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everyone, germany, europe, and the world, needs to do their part. a new greek parliament has been sworn in. the members were elected last month after prime minister alexis tsipras called for early polls months into the term. that followed a revolt by hard line leftists in the party as he entered into another bayout deal. tsipras went on to win the elections. voters in kurdistan are heading to the polls on sunday to elect a new parliament. it's a big test for the flejly democracy. kurdistan introduced proportional representation to ensure a fairer distribution of power. 14 parties vie for a share of the 120 seats in parliament. the ruling social democratic party is predicted to do well. it's up against the south side leading party and the party that are all members a shaky
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coalition government. corruption is the number one issues followed close by by unemployment and rising energy prices. we have the report. >> reporter: when it comes to central asian democracy, this is as good as it gets, with 14 political parties contesting it's been a vibrant election campai campaign. the campaign is short on messages of tolerance or diversity. harassment of minorities like gays and lesbian is common place. in this video so-called pate rick movements force into a home and intimidate those inside. those same groups back an anti-gay propaganda law that enjoying cross-party support. i meet a candidate who tells me there's no space for gay people in this society.
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>> translator: homosexuality is a major problem. some organizations claim we've had homosexuality throughout the history. this isn't true. under communism we have to concept of homosexuality. >> reporter: this support group for sexual minorities has had its own offices tacked. these are building to speak out. >> look at the pressures of all political parties. none of them are talking about minorities or nondiscrimination principles. >> ethnic minorities have been vulnerable or voiceless in society, almost the governing social democrats say they support diversity. >> translator: there should be no discrimination again people regardless of their religion, ethnicity or views. they require the state to ensure their sament. that is what the law z. we should treat people equally. >> ultimately concern for the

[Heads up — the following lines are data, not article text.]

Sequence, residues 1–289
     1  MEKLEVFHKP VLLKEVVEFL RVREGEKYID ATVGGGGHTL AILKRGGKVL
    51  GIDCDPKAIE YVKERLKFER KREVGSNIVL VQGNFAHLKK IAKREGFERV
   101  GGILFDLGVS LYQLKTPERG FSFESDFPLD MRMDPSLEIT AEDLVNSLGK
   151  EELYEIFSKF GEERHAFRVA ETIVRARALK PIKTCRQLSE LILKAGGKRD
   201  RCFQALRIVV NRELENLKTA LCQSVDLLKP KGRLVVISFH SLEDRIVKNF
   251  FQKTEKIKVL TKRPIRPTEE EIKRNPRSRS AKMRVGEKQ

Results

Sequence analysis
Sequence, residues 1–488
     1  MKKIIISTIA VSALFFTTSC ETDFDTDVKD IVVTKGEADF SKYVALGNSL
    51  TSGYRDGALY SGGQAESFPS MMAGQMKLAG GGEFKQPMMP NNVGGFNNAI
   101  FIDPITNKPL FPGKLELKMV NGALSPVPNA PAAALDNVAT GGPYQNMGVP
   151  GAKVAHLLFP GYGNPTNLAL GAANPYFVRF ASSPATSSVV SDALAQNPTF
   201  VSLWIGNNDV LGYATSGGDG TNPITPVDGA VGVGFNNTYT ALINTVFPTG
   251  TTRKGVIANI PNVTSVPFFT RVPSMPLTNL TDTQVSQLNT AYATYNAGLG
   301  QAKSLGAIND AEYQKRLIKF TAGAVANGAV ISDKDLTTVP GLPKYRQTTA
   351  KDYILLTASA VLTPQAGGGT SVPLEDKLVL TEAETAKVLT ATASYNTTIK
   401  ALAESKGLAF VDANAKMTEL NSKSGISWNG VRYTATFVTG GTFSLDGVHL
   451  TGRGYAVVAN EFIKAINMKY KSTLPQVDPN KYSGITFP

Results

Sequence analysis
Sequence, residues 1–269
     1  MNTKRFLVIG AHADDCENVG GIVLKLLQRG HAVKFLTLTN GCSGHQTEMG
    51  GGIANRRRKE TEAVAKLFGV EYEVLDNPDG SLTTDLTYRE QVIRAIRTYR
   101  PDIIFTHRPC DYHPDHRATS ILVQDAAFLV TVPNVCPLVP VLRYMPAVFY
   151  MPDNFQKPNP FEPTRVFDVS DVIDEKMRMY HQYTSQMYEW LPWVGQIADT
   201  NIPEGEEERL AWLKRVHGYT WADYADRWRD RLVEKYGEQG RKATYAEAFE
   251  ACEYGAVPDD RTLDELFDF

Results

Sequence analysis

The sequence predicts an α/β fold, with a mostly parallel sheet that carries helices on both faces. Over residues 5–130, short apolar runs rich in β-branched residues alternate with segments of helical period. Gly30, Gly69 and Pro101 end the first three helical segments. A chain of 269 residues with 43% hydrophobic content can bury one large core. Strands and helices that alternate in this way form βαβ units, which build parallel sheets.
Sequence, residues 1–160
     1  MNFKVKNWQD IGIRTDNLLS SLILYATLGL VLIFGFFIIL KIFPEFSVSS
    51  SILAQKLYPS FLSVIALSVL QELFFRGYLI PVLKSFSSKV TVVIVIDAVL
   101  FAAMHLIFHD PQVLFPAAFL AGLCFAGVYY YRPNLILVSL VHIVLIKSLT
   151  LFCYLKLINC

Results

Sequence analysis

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country's struggling economic may be foremost on voters' minds. there's corruption and unemployment. there's millions of citizens with a fifth of the whole population in search the work. now all the political parties are promises that they can fix those problems. whoever wins this vote will have to deliver on those promises or risk marginalized more than just minorities. >> mr. william son sdz kurdistan's new parliament needs to set new goals. >> kurdistan does stand out as being a city itself with high standards and rule of law to promote democracy. we hope the elections go off peaceful and declared free and fair by the election observers
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the ground. on the other hand, kurdistan needs to measure its own progress by its own standards it set itself, not by those with the terrible human rights records with the neighbors. as your report says, skrilgs is a major problem in the country against gay people as your report highlighted but also ethnic minorities. those parties were never elected, their mps were elected. they need to settle on some key goals, and those indeed include rejecting in par lament the propaganda, the law, the law against lesbian and gay rights in the country. the laws which will restrict the very vibrant sifrl society which exists in the country. this week al jazeera has been speaking to people across turk turkey to find out how they'll vote in november's election. in june they lost their pa jort in parliament for the first time in ten years, and talks with the opposition failed to produce a